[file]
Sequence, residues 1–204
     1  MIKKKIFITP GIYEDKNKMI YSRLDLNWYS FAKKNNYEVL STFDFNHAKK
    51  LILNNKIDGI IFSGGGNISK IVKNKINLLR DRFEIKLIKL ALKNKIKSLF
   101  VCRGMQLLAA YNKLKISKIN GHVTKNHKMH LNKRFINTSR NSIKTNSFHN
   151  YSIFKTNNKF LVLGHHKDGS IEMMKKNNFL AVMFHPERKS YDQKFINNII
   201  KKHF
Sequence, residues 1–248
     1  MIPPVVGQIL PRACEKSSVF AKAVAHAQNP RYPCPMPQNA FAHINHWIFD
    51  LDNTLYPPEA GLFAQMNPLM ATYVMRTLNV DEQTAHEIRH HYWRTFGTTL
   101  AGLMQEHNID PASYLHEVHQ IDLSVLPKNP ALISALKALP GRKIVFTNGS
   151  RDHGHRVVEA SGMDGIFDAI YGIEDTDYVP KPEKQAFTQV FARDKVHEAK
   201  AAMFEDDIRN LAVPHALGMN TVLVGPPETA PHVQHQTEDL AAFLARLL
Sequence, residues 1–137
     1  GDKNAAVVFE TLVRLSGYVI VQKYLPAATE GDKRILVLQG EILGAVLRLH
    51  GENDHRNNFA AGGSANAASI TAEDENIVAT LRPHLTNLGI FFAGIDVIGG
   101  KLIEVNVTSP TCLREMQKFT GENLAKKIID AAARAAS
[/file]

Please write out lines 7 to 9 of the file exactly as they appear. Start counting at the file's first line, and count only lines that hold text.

Sequence, residues 1–248
     1  MIPPVVGQIL PRACEKSSVF AKAVAHAQNP RYPCPMPQNA FAHINHWIFD
    51  LDNTLYPPEA GLFAQMNPLM ATYVMRTLNV DEQTAHEIRH HYWRTFGTTL